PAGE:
WHEREAS the Alberta Government has announced that it will implement all nine recommendations from the report on traffic safety prepared by former RCMP Assistant Commissioner Don McDermid entitled Saving Lives on Alberta’s Roads: Report and Recommendations for a Traffic Collision Fatality and Injury Reduction Strategy; AND WHEREAS one of the report’s nine recommendations calls upon the Province to undertake a thorough review of current driver education and driver examinations in the province; AND WHEREAS driver errors are contributing factors in 90 per cent of traffic collisions according to the 2004 Traffic Collision Statistics and the McDermid report identified male drivers between the ages of 16 and 19 as having the highest rate of involvement in casualty collisions;
THEREFORE BE IT RESOLVED that the Alberta Association of Municipal Districts and Counties urge the Provincial Government to reinstate driver education as part of the high school curriculum as part of its anticipated Traffic Safety Plan for the Province as a means to improve road safety amongst beginning drivers.
There is no shortage of road safety, or conversely, road collision statistics. For example, of particular relevance for rural municipalities is that although 80 per cent of Alberta collisions occur in urban areas, more people are killed in collisions in rural areas. Collisions in rural areas account for 71 per cent of all fatal crashes. The most common driver errors leading to casualty collisions were following too closely, running off the road, and making a left turn across the path of oncoming traffic. As noted in the Saving Lives on Alberta Roads: Report and Recommendations for a Traffic Collision Fatality and Injury Reduction Strategy (the McDermid Report): “Road safety faces the challenge of having many participants, a few reluctant players and no champion. It is included in the mandates of Transportation, Solicitor General, Justice, Health and Wellness, Learning and others, but unfortunately, it is not the first priority.” A few years back, students could take driver education in high school in Grade 10. Subsequently, policy direction changed and it was dropped from the provincial curriculum. Currently in rural Alberta, accessibility to training and cost is prohibitive due to geographic distance. Of the organizations consulted for the June 2004 McDermid Report, the majority said that a better job of preparing beginning drivers needs to be done. Since the Alberta Government has acknowledged that it is continuing to develop a new comprehensive Traffic Safety Plan in its recent release of the 2004 Traffic Collision Statistics, and since road safety is included in the mandates of several provincial departments, once can assume that this is probably the best time to get Alberta Learning to explore its role in road safety as the plan is being developed. Therefore, it should be timely to advocate that the high schools in our province provide driver education and training to beginning drivers.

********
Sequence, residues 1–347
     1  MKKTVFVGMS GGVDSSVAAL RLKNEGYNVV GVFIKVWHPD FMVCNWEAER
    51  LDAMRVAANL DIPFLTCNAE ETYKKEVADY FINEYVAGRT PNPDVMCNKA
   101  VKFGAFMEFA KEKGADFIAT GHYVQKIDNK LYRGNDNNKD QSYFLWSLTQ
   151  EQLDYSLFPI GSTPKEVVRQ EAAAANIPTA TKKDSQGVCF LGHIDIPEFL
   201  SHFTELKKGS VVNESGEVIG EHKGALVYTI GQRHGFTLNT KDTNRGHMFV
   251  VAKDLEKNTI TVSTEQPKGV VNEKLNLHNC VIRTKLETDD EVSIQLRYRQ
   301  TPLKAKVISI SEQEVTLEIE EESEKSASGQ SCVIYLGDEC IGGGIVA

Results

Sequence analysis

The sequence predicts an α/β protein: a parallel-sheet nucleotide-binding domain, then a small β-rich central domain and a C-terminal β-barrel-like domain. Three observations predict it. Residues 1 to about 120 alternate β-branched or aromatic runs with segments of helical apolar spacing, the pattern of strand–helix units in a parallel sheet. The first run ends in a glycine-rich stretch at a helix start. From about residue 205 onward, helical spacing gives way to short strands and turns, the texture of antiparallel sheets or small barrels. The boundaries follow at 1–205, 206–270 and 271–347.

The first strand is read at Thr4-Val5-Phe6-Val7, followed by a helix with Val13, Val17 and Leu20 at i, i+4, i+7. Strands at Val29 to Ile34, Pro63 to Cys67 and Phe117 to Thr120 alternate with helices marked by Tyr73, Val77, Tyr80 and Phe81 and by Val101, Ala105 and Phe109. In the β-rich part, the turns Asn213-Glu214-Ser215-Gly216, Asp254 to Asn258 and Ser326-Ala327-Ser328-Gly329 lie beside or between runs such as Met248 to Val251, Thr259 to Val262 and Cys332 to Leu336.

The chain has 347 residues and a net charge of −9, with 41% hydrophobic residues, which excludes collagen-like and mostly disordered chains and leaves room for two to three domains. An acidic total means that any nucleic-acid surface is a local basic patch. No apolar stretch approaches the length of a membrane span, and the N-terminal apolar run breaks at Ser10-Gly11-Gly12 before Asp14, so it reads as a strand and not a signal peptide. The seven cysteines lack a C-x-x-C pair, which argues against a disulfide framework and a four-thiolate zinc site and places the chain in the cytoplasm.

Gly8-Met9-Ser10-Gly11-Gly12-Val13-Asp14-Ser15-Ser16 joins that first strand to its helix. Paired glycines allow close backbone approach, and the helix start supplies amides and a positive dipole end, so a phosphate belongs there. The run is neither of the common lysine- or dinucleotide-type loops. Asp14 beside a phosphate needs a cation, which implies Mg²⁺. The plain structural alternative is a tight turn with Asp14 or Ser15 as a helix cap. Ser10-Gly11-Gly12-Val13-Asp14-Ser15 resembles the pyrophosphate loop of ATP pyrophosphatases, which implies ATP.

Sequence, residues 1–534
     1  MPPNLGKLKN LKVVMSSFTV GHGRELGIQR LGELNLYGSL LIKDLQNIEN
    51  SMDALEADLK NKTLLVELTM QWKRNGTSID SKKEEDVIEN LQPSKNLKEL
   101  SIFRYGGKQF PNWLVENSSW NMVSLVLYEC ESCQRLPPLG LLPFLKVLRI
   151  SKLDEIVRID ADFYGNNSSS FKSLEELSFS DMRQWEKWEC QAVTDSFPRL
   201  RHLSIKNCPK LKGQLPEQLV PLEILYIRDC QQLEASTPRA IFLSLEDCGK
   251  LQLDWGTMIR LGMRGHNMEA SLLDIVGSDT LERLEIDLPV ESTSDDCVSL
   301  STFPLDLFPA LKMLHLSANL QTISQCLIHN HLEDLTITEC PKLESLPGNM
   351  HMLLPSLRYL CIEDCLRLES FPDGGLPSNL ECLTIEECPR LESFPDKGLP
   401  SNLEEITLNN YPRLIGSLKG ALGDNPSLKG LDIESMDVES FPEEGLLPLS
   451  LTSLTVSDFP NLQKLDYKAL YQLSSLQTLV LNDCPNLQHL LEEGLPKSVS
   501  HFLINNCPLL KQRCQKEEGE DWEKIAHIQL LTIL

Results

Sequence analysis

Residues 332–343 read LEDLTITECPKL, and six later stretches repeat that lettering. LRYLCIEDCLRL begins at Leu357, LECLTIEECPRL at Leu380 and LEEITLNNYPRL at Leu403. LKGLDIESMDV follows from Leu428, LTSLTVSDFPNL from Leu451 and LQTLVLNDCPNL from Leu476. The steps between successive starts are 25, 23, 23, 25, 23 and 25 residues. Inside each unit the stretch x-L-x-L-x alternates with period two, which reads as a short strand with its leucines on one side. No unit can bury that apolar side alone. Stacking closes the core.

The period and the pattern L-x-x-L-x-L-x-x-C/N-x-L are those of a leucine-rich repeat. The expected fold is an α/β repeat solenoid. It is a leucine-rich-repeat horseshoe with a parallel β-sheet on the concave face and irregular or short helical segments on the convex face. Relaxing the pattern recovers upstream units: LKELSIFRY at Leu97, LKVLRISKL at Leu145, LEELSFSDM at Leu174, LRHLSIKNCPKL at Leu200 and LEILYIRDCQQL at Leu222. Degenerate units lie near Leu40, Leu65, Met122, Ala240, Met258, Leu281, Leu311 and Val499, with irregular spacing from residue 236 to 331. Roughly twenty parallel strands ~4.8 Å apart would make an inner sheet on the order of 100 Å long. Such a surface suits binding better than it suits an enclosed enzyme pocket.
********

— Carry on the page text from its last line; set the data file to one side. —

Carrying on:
The Alberta Traffic Safety Plan is a comprehensive strategy designed to reduce traffic-related deaths and injuries in the province. It outlines key initiatives to help prevent motor vehicle collisions, build safer roads, enforce traffic laws, and better educate all Albertans about traffic safety. However, it is the government’s position that private service providers are best positioned to offer driver education more cost effectively than the public education system.